Law changes: become your own ISP - legally - under new EU law

by Guy Kewney | posted on 14 July 2003

The business plan behind MyZones was based on the assumption that neighbours could club together, build a wireless network in their street, and share a single broadband link. It was a plan that pre-empted next week's legislation.

Guy Kewney

On July 25th, a package of new EU telecoms legislation will come into effect - and they will make it legal for MyZones customers to share broadband with their neighbourhood.

According to MyZones, the new regulatory legislation "will supersede certain of the licensing requirements prescribed in the 1984 Telecommunications Act (TA 1984)."

Current laws, although highly unlikely to be enforced, do appear to stipulate a licence.

However, when approached, the Department of Trade and Industry said that in fact, these laws were being superseded anyway under legislation setting up the new, all-purpose Offcom body for regulation of broadcasting.

"Strictly," said a spokesman, "we should enforce this under current legislation. However, in point of fact, nobody has ever been prosecuted under that legislation that we're aware of, and we would have to concede that the chances of a successful prosecution now are nil."

From July 25th however the licensing requirements will be replaced by a more general 'authorisation' process, meaning that the MyZones customers will be automatically entitled to operate their wireless home network, without having to register or apply to any regulatory body.

The big change is that it is now feasible to enforce a policy where you charge money for providing a private WiFi access hotspot.

"MyZones allows customers to not only share WiFi broadband throughout their own home but also with neighbours who can pick up their WiFi signal. The ability to share enables the customer to share the costs with their neighbours reducing the broadband cost of ownership. A typical MyZones customer would have full always on 512K broadband service for two people sharing at £17.62 per month, three people for £11.74 per month, four people for £8.81 per month all charges including VAT."

The bit that MyZones adds to the process is security. MyZones provides software allows the local hotspot operator to control who they are sharing with.

"With MyZones you can create individual user accounts, issue secure passwords and even monitor the amount of shared usage, effectively becoming a neighbourhood internet service provider," said the company.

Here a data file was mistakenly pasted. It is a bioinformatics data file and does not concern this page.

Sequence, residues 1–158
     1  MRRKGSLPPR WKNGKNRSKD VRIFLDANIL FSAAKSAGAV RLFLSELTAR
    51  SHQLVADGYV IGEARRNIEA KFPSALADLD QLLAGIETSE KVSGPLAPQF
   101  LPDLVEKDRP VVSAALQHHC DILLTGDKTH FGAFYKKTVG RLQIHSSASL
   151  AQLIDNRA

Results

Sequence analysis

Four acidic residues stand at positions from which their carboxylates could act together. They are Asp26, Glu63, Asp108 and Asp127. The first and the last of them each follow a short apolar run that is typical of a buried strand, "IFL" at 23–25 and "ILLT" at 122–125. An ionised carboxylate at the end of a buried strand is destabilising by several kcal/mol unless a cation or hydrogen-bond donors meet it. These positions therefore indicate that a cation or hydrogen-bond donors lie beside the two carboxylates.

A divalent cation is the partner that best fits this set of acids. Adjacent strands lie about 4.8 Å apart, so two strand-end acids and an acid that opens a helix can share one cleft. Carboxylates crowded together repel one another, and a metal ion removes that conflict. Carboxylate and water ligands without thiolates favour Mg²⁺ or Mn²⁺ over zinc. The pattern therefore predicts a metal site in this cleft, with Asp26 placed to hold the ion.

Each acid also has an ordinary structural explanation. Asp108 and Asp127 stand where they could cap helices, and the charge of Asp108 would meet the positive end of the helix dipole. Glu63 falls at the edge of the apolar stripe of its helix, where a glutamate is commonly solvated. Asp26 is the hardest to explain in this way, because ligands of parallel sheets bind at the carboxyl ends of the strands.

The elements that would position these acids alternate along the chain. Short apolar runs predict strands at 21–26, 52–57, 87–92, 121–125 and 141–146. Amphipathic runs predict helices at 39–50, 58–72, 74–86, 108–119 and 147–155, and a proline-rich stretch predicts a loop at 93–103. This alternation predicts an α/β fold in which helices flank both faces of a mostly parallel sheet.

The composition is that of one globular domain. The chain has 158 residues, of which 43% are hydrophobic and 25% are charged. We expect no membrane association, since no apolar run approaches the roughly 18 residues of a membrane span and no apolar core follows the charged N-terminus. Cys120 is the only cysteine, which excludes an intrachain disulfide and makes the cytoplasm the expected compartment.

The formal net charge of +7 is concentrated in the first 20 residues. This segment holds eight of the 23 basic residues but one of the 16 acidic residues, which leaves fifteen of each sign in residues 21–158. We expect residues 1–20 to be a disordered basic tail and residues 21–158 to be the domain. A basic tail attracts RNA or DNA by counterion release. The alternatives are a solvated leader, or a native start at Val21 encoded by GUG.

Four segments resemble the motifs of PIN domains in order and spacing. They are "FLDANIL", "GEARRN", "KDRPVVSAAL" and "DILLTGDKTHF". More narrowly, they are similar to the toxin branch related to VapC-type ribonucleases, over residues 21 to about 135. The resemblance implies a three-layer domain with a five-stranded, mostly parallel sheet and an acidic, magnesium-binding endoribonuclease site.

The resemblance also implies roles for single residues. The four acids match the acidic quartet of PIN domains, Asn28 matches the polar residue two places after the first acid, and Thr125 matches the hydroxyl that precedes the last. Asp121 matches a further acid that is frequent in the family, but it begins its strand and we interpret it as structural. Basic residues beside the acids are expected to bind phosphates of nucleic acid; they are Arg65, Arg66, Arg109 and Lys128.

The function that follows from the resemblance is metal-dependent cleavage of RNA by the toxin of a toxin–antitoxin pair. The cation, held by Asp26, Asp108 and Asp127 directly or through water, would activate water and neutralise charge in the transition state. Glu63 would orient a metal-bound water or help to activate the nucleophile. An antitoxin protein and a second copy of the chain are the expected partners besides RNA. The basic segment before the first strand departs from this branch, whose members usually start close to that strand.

You can get the whole package from them: for £149.95 in the UK (inc vat) MyZones will supply a WiFi broadband starter pack including an ADSL modem, Wi-Fi access point, a USB wireless adapter and the MyZones client software to enable a quick and easy set up. The wireless equipment is built by Netgear and this is a good discount price, claims MyZones.

Clive Mayhew-Begg, CEO of MyZones Ltd commented We have been anticipating this legislation for some time and have been developing the MyZones service to allow our customers to take advantage of such changes. The secure and managed sharing of broadband with housemates and neighbours is set to revolutionise the UK broadband market. This is just the start of a new generation of consumer based Internet services."

For those who already have the DSL feed, there's a cheaper package: a WiFi broadband upgrade pack from MyZones for £99.00 (inc VAT) - but you still will be charged £9.99 (ex-vat) per month to use the secure MyZones software, on top of the broadband subscription fee.

In theory, you may find that your broadband provider prohibits broadband sharing. In practice, of course, this is unlikely to be an issue, unless one of your neighbours pulls out of the deal at the point of paying their subscription, and has to be sued for the money (also, a very unlikely scenario).

For more details of the new EU Telecoms legislation please visit the Oftel web site. More information about MyZones is available at MyZones web site.

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